I am making a very public break with that habit since NBC premiered its latest salvo against decency and quality entertainment, The Chopping Block.  I don’t care that this is another reality television show, I am disturbed by the notion that the “Chef who made Gordon Ramsey cry” is being celebrated.

The premise, for lack of a more appropriately derisive term, is a well worn notion of the genre: competing teams operate two faux restaurants with a weak link from each team being booted at the end of each show.  The center of this reality circus is Marco Pierre White who I know from first hand experience to be a culinary thug and a bully with the all of the manners of a petulant child ampped on Ritalin and a satchel full of lollipops. 

I have asked the questions before – In what other profession do we make vitriol a virtue?  In what other environments would we allow the throwing of dangerous objects (a.k.a. felonious assault) to pass for leadership?  More importantly, when did we as a society accept this abhorrent behavior as the going rate for genius, as a reasonable price for greatness?  But those questions miss the point – it doesn’t work.

Leadership through fear and emotional abuse is as effective as interrogation through torture.  It is long term counterproductive.  Sure some people might be willing to subjugate themselves at the altar of a bully for promised knowledge and future riches, but as surely as a leader who goes ape-shit over apples, that person will flee abusive employ at the first opportunity.  As any first year business student can attest, turnover is expensive, and truly great chefs and restaurateurs know it.  How often can one go to the well of extreme before it will not quench anything?  How effective is the same f-bomb laden tirade when one’s default language is constantly dyed in the blue tint of profanity?

There are numerous examples of smart chefs who eschew the tantrum throwing business model, but Eric Rippert and Thomas Keller top the list (by the by, if you want to read a terrific piece of food porn describing a meal at French Laundry, check out Betty’s latest blog post.)

NBC, not only are you rotting our brains with this drivel, you are promoting an ineffective style of management.  This is one train wreck from which it is easy for me to turn away.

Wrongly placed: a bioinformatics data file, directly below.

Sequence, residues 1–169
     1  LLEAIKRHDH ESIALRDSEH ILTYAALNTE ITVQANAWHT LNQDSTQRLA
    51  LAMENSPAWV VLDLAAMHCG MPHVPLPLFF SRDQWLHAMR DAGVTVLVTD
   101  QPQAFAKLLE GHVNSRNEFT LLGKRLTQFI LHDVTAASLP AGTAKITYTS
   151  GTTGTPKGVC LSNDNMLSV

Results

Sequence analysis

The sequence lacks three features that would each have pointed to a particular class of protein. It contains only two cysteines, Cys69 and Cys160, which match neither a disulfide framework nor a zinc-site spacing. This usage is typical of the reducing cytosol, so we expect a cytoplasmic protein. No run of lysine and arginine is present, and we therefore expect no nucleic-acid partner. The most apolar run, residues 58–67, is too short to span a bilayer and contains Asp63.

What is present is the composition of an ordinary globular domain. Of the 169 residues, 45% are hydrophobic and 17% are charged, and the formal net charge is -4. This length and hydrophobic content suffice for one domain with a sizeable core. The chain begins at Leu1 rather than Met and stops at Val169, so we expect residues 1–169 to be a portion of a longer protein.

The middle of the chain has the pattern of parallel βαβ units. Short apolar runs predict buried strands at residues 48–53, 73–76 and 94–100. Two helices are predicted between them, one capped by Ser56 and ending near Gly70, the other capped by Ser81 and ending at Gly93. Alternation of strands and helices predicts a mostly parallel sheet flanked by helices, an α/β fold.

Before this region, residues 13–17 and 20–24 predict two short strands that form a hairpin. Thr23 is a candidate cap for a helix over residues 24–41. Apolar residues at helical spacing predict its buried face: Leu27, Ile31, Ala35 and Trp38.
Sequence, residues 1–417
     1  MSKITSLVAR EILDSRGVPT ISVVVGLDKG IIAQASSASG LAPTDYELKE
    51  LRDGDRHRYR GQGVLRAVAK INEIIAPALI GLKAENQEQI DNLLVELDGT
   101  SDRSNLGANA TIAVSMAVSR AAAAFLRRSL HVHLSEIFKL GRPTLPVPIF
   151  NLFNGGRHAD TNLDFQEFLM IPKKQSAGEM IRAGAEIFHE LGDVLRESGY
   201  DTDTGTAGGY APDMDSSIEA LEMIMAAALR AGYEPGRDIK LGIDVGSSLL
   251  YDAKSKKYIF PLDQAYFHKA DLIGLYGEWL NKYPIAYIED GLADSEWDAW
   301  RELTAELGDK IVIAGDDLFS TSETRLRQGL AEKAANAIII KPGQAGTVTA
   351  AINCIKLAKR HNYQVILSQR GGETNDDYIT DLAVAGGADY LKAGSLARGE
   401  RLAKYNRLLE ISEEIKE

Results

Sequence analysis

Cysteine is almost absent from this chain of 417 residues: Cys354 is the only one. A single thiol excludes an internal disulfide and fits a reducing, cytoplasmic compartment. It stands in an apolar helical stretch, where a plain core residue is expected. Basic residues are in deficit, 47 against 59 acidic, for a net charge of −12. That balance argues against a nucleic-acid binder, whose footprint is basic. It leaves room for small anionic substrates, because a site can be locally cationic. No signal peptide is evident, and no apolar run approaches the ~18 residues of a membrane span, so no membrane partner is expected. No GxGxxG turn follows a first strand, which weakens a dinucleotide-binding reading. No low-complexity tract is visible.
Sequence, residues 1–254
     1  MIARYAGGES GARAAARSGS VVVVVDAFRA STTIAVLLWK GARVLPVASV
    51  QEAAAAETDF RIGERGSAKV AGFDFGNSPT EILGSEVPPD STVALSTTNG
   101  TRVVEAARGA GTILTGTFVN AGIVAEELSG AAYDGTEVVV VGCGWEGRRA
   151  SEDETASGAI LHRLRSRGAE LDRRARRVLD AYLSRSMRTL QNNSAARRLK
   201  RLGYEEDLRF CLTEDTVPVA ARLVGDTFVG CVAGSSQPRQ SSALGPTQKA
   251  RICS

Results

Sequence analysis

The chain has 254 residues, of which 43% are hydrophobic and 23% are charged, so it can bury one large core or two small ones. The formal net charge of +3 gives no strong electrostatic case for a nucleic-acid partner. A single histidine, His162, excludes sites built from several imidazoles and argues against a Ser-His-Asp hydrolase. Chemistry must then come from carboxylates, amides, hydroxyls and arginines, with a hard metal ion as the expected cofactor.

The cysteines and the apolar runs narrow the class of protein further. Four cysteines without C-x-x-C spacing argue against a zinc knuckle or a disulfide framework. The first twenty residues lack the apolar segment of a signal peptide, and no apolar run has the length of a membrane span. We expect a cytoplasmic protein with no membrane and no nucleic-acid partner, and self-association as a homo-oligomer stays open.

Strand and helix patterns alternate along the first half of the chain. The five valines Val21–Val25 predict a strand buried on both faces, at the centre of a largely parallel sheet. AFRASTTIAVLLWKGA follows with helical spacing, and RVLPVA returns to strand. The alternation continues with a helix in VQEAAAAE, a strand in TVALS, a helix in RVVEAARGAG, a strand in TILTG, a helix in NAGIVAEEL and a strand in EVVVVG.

Gone Deep Quiet

10 March 2009

The first time I unplugged from the world was right before I entered high school.  Spending a week as alone as possible has been an infrequent ritual since – a periodic respite to recharge.  Whether an act of safety (like an auto-shut-off switch for your life,) deliberate vacation, or one day of avoiding someone (usually a woman) that simply crept into seven this has been a part of my life for which I am usually grateful.

Even though nothing is wrong, life is good, and my optimism is unabated, I have spent the last week or so away from the trappings of the electronic world. 

I’ll see you all in the morning, and thanks to all of the people who sent emails of concern.


Hypocrisy…Not That There’s Anything Wrong With It? Really?

2 March 2009

“One of the more insidious elements of isms (homophobia included despite the absence of the suffix) is that in the best among us it still exists in the disquiet of our cognitive dissonance.” 

That was the operative sentence in an email I sent to a blog friend (who happens to be gay) in reply to a message asking me to explain what I meant with my reference to my own “latent homophobia” in a recent post.

[Cliff Notes Version for those who don’t want to read the link: Latish one Saturday evening I decided to help a very drunken Marine safely navigate the Metro.  While literally holding him upright and moving him down platform to a seat and eventually the train, he refused to give me his address because he became convinced that I wanted said information for nefarious purposes of a homosexual nature.  I abandoned my attempts to help him after he unleashed a particularly vile expletive and epithet laden torrent.  As I ascended the escalator I was angry with myself for feeling angry about being accused of such a thing and with those motives.]

My declaration about anger was written lazily and failed to explain fully my sentiment.  The truth of the matter is not that I hated being accused of being gay.  I hated that I wanted to respond to the claim.  (Look at the language I just used: accused – is someone ever accused of being straight?  That rings to the core of the cognitive dissonance, the hypocrisy.)

I resent the question of sexuality as patently irrelevant and offensive in most cases, but when asked in front of other people I want to answer in the heterotive, despite my resentment.

It has never been a problem for me to tell people that I love the L Word, but, in retrospect, I have followed, usually and less than casually, with a mention of my affinity for something stereotypically masculine.

I know that there is no causal connection between that which is masculine or feminine and sexuality, but emotionally make the assumptions nonetheless.

I believe that marriage should be a right for all people without regard to sexual orientation; I want to attend the wedding ceremonies of my homosexual friends but don’t want people to question my sexuality because I am there.

I smile at same sex couples holding hands on the street, applaud them publicly displaying affection, and routinely hug my male friends by way of greeting, congratulations or otherwise; but I would be leery of displaying that affection in overtly public settings.

I bristle at gay jokes, have no problems alerting the teller to my offense taken, but sometimes find myself stifling laughter at some that are not intellectually funny.

I have oft said that a member of the oppressing class has no right to declare themselves free from the stigma of oppression (i.e. it is not possible for a man to declare himself free from sexism) and I sadly proved my own point about myself.